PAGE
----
At Lowest Point, Darius Slay Flashes His Greatest Traits

Darius Slay came to Philadelphia with high expectations, a chance to join a "winner" after enduring far more downs than ups with the Detroit Lions
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PHILADELPHIA - Darius Slay has to get in line with so many when it comes to 2020 being a little personally underwhelming.

The three-time Pro Bowl cornerback came to Philadelphia with high expectations, a chance to join a "winner" after enduring far more downs than ups with the almost-perennial downtrodden Detroit Lions.

For the most part, Slay, 29, has been as advertised, by far the best cornerback the Eagles have had in the Doug Pederson/Jim Schwartz era, but a Lions-like 3-7-1 record speaks to a disappointing bottom line Schwartz uses as a measuring stick.

On the surface Slay was his usual self in a 23-17 loss to Seattle on Sunday night, traveling with the opposition's best, DK Metcalf, and forcing the 6-foot-4, 230-pound monster to work a little bit harder for everything he got.

When you flipped through the gamebook after the contest, however, Metcalf was at 10 receptions on 13 targets for 177 yards, somehow actually outpacing the Ole Miss' product last trip to Lincoln Financial Field back in January when he set an NFL rookie record with nine catches for 160 yards and a touchdown in the Seahawks’ wild-card playoff win.

VIDEO: Postgame analysis from Ed Kracz and John McMullen

It was almost like a lockdown defender in the NBA doggedly checking Michael Jordan for 48 minutes only to look up when the final buzzer sounded to see a 40 spot.

The always-ebullient Slay called it his worst game as a pro after the contest via Zoom.

"I would say this is by far the worst game I have ever played in the league," said Slay. "I truly lost every 50/50 ball. I was probably O-for. I have never been that, but I say props to him, he played his ass off today, and I have to get better.”

If you take Metcalf out of the equation the Eagles defense did more than enough to win.

More so when you understand Slay was brought in for moments like this, the emotion might lead some down the wrong path.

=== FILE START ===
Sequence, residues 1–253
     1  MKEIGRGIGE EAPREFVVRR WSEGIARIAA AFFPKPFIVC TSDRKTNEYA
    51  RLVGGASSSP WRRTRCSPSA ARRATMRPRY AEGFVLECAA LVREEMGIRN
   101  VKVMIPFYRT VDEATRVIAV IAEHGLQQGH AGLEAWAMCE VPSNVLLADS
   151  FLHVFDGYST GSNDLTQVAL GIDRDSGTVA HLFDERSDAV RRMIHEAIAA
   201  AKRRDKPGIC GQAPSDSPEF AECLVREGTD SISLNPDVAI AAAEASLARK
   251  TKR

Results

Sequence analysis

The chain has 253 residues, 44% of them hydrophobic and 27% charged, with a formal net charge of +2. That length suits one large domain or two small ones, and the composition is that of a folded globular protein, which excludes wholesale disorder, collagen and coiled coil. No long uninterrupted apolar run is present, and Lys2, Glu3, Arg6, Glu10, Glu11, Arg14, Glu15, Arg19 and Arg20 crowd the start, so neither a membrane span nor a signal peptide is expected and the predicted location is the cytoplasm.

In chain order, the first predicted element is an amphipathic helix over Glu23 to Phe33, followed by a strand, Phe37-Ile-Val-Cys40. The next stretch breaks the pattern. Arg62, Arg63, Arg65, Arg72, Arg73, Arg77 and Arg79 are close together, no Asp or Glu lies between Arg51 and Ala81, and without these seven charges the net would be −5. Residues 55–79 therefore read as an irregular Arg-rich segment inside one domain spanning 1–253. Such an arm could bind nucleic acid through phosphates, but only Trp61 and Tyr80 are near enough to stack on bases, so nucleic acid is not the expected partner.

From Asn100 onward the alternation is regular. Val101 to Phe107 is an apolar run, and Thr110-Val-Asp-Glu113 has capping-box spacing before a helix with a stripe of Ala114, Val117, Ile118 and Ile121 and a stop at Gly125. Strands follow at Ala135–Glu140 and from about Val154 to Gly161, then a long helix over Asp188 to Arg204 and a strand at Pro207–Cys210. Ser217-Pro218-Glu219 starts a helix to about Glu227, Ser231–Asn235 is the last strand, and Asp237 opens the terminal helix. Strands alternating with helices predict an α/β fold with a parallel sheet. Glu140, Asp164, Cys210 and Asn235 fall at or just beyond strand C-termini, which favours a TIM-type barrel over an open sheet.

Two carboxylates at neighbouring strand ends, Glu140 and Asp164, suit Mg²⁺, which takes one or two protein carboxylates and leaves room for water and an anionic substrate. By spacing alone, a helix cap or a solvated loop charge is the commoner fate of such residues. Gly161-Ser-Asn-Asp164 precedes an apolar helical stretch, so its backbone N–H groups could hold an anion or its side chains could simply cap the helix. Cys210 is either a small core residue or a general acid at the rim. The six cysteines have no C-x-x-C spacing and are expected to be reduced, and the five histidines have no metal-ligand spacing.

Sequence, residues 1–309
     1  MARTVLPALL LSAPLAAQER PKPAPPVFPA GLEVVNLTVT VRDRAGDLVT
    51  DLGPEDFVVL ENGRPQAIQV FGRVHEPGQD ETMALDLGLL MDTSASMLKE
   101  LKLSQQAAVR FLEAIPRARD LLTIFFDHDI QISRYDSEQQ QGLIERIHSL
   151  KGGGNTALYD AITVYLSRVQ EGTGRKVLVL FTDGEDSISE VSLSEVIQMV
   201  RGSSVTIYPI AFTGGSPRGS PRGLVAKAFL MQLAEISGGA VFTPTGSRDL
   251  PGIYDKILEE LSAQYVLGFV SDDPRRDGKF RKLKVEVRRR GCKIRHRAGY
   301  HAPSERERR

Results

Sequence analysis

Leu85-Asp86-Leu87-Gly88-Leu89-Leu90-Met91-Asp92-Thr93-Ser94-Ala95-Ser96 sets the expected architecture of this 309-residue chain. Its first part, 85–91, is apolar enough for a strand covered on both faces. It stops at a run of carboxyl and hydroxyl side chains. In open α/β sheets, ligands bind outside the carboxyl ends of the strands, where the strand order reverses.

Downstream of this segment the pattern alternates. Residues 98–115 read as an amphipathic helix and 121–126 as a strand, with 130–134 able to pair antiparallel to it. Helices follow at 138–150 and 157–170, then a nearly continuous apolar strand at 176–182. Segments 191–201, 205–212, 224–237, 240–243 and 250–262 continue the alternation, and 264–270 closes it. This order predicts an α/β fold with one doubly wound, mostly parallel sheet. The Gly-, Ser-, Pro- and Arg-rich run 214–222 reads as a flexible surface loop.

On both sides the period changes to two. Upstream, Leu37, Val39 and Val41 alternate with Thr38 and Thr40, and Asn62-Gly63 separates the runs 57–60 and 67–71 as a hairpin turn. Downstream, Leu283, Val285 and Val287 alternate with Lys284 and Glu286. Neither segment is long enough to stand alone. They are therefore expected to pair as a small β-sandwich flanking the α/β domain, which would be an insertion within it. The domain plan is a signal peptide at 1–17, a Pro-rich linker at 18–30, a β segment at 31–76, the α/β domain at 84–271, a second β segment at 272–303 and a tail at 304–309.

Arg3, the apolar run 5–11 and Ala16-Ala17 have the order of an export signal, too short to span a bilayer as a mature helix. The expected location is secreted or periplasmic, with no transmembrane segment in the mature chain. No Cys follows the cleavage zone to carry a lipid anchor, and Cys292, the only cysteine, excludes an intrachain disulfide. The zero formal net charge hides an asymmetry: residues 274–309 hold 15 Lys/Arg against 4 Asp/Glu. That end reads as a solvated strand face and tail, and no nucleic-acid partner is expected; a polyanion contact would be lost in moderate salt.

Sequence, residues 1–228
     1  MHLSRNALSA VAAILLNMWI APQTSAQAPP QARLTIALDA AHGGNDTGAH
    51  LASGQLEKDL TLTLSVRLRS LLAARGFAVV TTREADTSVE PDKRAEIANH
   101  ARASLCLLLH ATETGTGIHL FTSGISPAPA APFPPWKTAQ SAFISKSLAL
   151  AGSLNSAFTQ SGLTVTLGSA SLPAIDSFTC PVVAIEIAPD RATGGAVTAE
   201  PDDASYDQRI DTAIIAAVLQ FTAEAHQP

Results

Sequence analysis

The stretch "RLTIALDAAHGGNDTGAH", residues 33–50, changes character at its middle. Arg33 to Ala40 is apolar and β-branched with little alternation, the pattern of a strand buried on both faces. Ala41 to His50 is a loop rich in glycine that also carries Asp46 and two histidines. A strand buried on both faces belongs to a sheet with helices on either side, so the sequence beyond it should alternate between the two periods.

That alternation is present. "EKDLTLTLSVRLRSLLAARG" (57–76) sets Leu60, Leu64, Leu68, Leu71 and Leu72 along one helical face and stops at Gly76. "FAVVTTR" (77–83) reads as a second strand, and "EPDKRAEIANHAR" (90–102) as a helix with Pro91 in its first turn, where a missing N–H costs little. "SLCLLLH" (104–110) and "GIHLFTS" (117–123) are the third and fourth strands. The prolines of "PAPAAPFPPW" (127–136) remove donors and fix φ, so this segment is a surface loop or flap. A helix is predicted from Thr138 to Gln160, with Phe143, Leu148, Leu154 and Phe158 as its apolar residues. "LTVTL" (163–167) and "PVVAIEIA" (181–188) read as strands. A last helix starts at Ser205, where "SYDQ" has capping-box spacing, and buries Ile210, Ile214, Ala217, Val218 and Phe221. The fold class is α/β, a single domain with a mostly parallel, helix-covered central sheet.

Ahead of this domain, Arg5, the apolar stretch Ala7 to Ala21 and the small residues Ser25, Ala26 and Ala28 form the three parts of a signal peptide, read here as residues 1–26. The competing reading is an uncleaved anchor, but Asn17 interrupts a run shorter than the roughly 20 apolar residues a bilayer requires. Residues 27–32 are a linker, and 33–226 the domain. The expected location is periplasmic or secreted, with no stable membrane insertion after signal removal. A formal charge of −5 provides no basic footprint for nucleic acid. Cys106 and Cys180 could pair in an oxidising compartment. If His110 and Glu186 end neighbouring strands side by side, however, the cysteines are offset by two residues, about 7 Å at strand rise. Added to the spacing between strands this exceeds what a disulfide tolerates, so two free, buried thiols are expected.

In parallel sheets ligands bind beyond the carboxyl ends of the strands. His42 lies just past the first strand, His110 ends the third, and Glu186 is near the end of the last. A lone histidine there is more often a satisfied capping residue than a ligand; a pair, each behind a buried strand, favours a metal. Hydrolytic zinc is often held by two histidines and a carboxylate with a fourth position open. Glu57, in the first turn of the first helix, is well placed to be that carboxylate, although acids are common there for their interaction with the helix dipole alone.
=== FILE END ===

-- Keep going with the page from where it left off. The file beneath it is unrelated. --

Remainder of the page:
Even though it didn't work out on one November night against a better team you could still see why Howie Roseman made the move to get Slay in the offseason.

It's easy to escape accountability in a virtual world as an NFL player after a perceived poor game. You just wave off the media relations official with little consequence.

The fact that Slay stood tall and was accountable speaks to his character as a player. 

The realization that he didn't lose one iota of his legendary confidence points to his effectiveness as a CB in a league where everything is slanted against them and a short memory is a prerequisite for the job.

“Hell, no, I don’t need no help,” said Slay when asked about lobbying Schwartz for some reinforcements. “What kind of question is that?”

Metcalf was working with some self-created bulletin-board material of his own as well, feeling slighted that the Eagles passed him over for J.J. Arcega-Whiteside in 2019 and also twisting a Schwartz compliment comparing him to Calvin Johnson into a knock.

In the end, you had an athletic marvel with a chip on his shoulder bringing his A-game to the Linc. Had it been a B- or C-level effort, Slay would have been fine because the veteran CB battled every step of the way.

“I lost every 50-50 ball," he said. "I’m usually on the other side of that. (Monday) I’m on the other side. I let the team down. I told the defense that game was on me.”

On Sunday in Green Bay, it will be Aaron Rodgers and Davante Adams, superstars Slay has plenty of experience with dating back to his time with the Lions.

So they already know the A-game is required.

John McMullen contributes Eagles coverage for's EagleMaven and is the NFL Insider for JAKIB Media. You can listen to John every Tuesday and Thursday on "The Middle" with Eytan Shander, Harry Mayes, and Barrett Brooks on SportsMap Radio and He’s also the host of Extending the Play on AM1490 in South Jersey. You can reach him at or on Twitter @JFMcMullen

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